What do we mean by vegetation? At its simplest, vegetation can be described as the group of plants forming the plant cover of a geographic area. As humans, we tend to classify things, and so vegetation has been classified too.
At a global scale the vegetation of the world is sometimes described in terms of six Floristic Regions, often called the Floral Kingdoms of the world. The distinction between regions is based on distinctive suites of flowering plants, taking into account those (particularly families) that are exclusive (endemic) to the region. Of particular note to South Africans is that the Cape forms one of these distinct kingdoms; the Cape Floral Kingdom, covering 0.08% of the world's land surface, but containing about 3% of the world's plants. This is a precious resource to be proud of and to conserve for future generations. For more information about the Cape Floral Kingdom, see Fynbos Biome.
Groupings called Biomes have been described based on dominant forms of plant life and prevailing climatic factors. Biomes have plants and/or animals living together with some degree of permanence, and one can observe large-size patterns in global plant cover. Biomes broadly correspond with climatic regions as moisture and temperature strongly influence plant establishment and survival, although other environmental controls are sometimes important. Each biome has a characteristic set of plant and animal species as well as a characteristic overall physiognomy. Physiognomy is used to interpret a person's character from facial features, so one can recognize a biome by its general appearance given by the shapes of the plants, and the landscape. The general plant characteristics give a distinctive appearance or visual signature that enables one to recognize the biome. For example, grasslands have mostly grass, deserts have much bare ground for most of the year but lots of annual plants following rain, forests have mostly tall trees with plants growing beneath the canopy at ground layer and at other levels.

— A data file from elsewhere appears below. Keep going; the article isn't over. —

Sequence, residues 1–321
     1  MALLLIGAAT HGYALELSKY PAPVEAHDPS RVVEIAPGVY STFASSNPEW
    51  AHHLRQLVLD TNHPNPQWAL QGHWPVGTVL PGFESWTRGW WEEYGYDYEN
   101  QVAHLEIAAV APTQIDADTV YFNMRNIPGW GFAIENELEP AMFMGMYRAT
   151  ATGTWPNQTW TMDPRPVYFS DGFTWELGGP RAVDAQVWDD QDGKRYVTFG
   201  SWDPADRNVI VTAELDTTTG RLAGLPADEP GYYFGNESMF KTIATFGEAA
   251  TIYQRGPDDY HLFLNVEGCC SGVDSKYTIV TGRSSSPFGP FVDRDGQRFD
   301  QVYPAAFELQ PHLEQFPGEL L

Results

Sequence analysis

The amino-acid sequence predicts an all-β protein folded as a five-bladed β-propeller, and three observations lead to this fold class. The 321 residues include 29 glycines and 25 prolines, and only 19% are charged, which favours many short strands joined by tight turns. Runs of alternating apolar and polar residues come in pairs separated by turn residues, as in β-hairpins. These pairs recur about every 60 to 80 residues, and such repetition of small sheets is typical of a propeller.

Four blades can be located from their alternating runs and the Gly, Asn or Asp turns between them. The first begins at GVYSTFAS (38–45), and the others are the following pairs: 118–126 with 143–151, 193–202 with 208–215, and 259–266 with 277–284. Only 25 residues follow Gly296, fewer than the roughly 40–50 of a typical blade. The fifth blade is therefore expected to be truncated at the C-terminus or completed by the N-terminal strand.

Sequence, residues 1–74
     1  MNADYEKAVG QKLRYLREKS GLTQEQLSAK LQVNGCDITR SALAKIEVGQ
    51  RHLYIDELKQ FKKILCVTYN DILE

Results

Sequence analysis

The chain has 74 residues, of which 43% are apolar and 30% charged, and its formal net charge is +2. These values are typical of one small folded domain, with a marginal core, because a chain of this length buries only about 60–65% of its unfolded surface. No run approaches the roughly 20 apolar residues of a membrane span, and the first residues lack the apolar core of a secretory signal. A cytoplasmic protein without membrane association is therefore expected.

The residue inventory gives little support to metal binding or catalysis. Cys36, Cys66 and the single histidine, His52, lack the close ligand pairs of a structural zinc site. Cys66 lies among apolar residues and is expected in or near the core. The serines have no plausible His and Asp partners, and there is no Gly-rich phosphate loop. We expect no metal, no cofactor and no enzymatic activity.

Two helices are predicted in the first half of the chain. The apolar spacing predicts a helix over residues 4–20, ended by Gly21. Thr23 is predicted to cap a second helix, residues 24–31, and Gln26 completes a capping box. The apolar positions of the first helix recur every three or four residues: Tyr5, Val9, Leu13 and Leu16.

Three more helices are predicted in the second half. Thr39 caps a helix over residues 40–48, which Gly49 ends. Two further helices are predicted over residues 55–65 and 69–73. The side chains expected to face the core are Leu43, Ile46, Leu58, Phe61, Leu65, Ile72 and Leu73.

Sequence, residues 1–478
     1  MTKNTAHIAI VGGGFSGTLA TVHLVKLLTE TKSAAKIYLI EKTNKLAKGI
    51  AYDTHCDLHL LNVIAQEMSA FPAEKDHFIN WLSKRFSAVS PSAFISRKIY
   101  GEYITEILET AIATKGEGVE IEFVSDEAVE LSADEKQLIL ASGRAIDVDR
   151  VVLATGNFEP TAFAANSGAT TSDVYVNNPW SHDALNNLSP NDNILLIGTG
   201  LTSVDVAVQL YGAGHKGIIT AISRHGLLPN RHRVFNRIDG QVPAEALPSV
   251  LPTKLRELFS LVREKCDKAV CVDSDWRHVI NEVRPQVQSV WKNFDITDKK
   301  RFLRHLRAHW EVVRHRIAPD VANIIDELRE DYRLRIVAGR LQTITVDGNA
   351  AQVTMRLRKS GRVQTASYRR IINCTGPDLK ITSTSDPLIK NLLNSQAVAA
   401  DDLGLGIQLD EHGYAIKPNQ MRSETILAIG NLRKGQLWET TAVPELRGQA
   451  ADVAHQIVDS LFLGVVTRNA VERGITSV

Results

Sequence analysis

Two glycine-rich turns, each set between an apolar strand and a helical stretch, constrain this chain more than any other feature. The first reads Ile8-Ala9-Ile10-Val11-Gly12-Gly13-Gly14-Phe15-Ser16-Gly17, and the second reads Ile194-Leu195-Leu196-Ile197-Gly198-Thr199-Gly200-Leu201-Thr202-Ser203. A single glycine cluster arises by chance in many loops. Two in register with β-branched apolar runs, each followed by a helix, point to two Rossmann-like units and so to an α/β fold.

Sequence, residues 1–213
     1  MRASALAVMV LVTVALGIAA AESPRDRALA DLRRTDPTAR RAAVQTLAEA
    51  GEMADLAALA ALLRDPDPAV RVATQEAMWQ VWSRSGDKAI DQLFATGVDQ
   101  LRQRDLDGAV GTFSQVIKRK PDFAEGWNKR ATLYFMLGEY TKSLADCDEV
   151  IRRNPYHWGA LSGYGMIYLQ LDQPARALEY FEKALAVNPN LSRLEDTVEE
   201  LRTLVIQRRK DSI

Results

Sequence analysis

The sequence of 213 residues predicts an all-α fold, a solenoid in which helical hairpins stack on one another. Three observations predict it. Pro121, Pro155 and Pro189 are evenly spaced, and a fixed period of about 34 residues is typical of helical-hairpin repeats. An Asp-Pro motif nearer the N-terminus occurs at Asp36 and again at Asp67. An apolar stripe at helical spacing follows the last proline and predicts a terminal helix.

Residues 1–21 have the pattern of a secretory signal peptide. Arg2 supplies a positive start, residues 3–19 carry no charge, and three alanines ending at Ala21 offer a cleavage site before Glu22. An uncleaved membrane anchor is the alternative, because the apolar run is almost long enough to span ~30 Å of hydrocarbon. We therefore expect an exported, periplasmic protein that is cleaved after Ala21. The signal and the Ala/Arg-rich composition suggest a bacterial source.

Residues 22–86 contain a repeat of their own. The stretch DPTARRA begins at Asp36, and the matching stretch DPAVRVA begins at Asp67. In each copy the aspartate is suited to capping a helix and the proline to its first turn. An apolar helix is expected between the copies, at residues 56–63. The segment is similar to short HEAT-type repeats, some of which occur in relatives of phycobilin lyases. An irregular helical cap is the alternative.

Mucina and Rutherford (2006) map nine biomes in South Africa:
and two on the subantarctic Prince Edward Islands:
Rutherford and Westfall (1994) map six biomes in South Africa :
Map of Biomes (.jpg)
The vegetation of South Africa has recently been mapped and described by groups of local experts. The book 'The Vegetation of South Africa, Lesotho and Swaziland. Strelitzia 19' was published in 2006. There are 435 vegetation types described in South Africa, Lesotho and Swaziland, with 5 units mapped for the Prince Edward Islands. There are descriptions for each vegetation type in each Biome. The descriptions include paragraphs that give details about how each vegetation type relates to previously published vegetation maps, distribution of the mapped vegetation, vegetation and landscape features, geology and soils, climate, lists of biogeographically important and endemic taxa, conservation, and remarks. A vegetation type is not as easy to recognize as a biome. The biome can be seen as the broad landscape and looks at dominant life forms and not at species. The vegetation type is defined in terms of dominant, common as well as rare species, as well as association with landscape features such as soil or geology, topography and climate.
For many years the Veld Types described by John Acocks were the used and accepted vegetation units. Acocks travelled very widely throughout South Africa during a 40-year period and sampled some 3300 sites. He was meticulous in recording plant species at the various sites and he described vegetation patterns at a scale that is much smaller than the biome. He described 70 Veld Types in South Africa, Lesotho and Swaziland. One can refer to Acocks' book Veld Types of South Africa for the descriptions, together with photographs, species compositions, and some other characteristics of each veld type.
of Acocks' Veld Types (.jpg)
Other vegetation maps
There was a map produced in 1935 by Pole Evans that describes 12 vegetation types for South Africa. This was followed in 1938 by Adamson who published a map with 14 vegetation types.
Next time you travel, take time to look around to see if you can recognise characteristic patterns and shapes to the vegetation about you.
The natural vegetation of South Africa is being invaded by alien plants (plants from elsewhere in the world). These are the Declared Weeds & Invader Plants as listed in 2001.
Further Reading on Vegetation
Further information on vegetation can be found on the SANBI website:
Adapted from an article by Les Powrie September 2000
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